American Depositary Receipts of Woodside Petroleum Ltd. (WPL), Australia’s second-biggest oil producer, sank 0.5 percent as crude dropped the most in three weeks yesterday. ADRs of Toyota Motor Corp., the world’s largest automaker, gained 0.7 percent as the yen weakened against the dollar from the close of Japanese equity markets yesterday. Canon Inc. shares may be active after Hewlett-Packard Co. (HPQ), the largest personal-computer maker to which Canon is a supplier, forecast third-quarter profit that topped analysts’ estimates.
Futures on Australia’s S&P/ASX 200 Index retreated 0.4 percent and New Zealand’s NZX 50 Index fell 0.1 percent. Futures on Japan’s Nikkei 225 Stock Average (NKY) expiring next month traded at 15,710 in Chicago yesterday, up from 15,670 at the close in Osaka, Japan. They were bid in the pre-market at 15,710 in Osaka at 8:05 a.m. local time.
“You’re getting those knee-jerk reactions in markets,” said Angus Gluskie, managing director at Sydney-based White Funds Management, which oversees more than $350 million. “Bernanke is making it very clear to markets that at some point they will be likely to reduce the level of bond purchases and that’s an important point for the market to digest. He’s saying we’re going to wind this down at some point, but not with the economy the way it is.”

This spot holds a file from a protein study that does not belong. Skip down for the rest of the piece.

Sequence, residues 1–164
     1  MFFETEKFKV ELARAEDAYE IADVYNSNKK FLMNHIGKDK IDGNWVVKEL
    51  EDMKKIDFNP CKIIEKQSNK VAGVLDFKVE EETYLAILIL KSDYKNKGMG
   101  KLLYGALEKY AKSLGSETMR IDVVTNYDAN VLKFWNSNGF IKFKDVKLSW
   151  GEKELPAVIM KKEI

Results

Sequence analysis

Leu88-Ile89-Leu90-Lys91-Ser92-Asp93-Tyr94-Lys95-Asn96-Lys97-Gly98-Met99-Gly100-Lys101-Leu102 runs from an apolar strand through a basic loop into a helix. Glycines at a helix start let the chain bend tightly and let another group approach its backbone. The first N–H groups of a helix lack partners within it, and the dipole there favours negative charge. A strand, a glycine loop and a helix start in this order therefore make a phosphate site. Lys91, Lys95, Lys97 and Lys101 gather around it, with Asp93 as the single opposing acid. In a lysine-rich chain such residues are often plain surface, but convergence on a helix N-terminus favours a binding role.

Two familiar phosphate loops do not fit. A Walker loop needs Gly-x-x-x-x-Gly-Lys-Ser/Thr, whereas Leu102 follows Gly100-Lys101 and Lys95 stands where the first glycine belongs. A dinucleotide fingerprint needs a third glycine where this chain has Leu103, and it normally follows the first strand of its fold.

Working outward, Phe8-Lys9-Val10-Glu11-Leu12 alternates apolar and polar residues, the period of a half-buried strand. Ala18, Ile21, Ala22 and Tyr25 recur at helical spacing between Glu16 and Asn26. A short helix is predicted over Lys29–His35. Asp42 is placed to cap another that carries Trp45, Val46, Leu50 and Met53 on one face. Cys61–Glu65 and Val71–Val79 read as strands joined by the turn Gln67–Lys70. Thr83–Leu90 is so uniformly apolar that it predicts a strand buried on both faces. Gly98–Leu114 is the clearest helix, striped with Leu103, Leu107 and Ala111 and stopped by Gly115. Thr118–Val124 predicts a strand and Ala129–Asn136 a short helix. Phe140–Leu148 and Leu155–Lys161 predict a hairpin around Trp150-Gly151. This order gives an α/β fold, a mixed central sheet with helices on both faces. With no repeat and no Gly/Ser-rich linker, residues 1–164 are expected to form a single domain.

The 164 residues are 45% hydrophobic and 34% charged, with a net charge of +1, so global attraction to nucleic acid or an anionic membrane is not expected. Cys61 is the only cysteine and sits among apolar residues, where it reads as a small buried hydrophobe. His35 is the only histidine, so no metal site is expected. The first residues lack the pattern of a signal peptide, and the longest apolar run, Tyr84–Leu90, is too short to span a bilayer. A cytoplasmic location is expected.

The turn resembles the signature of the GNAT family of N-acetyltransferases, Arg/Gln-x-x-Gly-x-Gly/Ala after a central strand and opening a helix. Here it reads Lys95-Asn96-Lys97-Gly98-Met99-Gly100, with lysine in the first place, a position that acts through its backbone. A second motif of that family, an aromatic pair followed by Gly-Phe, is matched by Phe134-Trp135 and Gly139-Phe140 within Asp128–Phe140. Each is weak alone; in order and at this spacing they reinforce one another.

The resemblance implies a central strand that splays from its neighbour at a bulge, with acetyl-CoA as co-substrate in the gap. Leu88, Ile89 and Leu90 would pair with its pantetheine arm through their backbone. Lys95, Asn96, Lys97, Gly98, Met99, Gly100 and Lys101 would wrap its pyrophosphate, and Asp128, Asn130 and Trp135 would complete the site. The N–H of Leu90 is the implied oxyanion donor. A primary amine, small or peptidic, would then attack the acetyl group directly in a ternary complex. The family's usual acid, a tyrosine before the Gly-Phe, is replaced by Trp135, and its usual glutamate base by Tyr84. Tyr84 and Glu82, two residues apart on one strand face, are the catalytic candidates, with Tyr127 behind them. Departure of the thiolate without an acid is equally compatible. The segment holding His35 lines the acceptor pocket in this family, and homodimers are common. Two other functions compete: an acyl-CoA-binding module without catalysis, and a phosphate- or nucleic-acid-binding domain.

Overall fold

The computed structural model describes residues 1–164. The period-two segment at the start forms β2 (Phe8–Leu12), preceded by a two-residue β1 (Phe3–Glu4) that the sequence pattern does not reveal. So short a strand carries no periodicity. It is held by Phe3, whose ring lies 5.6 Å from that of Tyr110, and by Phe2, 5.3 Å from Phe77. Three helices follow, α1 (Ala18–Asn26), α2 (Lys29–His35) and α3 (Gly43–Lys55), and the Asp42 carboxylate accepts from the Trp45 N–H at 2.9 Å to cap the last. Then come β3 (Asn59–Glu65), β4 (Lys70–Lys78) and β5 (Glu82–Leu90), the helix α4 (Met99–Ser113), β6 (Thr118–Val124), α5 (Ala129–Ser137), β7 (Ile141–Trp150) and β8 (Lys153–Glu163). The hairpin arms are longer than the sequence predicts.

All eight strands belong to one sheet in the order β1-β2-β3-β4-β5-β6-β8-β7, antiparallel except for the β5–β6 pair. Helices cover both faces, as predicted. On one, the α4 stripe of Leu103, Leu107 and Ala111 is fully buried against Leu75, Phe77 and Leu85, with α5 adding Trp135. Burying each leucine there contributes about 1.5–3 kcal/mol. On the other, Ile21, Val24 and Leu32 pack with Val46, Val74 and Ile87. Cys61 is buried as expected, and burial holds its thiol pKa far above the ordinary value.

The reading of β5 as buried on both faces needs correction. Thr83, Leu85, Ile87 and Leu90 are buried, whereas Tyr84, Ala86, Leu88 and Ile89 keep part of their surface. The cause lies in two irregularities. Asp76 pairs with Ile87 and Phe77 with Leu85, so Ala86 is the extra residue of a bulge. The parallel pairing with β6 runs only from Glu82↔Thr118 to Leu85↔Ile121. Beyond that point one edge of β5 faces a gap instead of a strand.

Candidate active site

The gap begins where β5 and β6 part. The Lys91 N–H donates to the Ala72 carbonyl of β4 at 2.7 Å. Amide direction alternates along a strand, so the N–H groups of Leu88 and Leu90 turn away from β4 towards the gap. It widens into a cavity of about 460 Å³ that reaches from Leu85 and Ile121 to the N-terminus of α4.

Futures on Hong Kong’s Hang Seng Index gained 0.3 percent and contracts on the Hang Seng China Enterprises Index of mainland Chinese companies trading in Hong Kong added 0.4 percent. The Bloomberg China-US Equity Index of the most-traded Chinese shares in the U.S. dropped 2.2 percent in New York yesterday.
The MSCI Asia Pacific Index, the benchmark regional equities gauge, surged 11 percent this year through yesterday as U.S. economic data improved and Japan’s central bank took steps to counter deflation. That left the measure yesterday trading at 14.1 times average estimated earnings compared with 15 for the Standard & Poor’s 500 Index (SPX) and 13.6 times for the Stoxx Europe 600 Index, according to data compiled by Bloomberg.
Futures on the Standard & Poor’s 500 Index rose 0.1 percent. The gauge yesterday fell 0.8 percent, reversing an earlier 1.1 percent advance. Stocks had rallied early in the day after Fed Chairman Ben S. Bernanke said in prepared remarks to Congress that a premature withdrawal of quantitative easing would put the economic recovery at risk.
Equities pared gains after Bernanke said the central bank could “step down” the pace of asset purchases in the next few meetings if the labor market continues to improve and “we have confidence that that is going to be sustained.”
The yen was trading at 103.15 per dollar as of 7:50 a.m. in Tokyo compared to 102.61 at the close of Japanese equity markets yesterday.
West Texas Intermediate crude for July delivery fell $1.90 to settle at $94.28 a barrel on the New York Mercantile Exchange.
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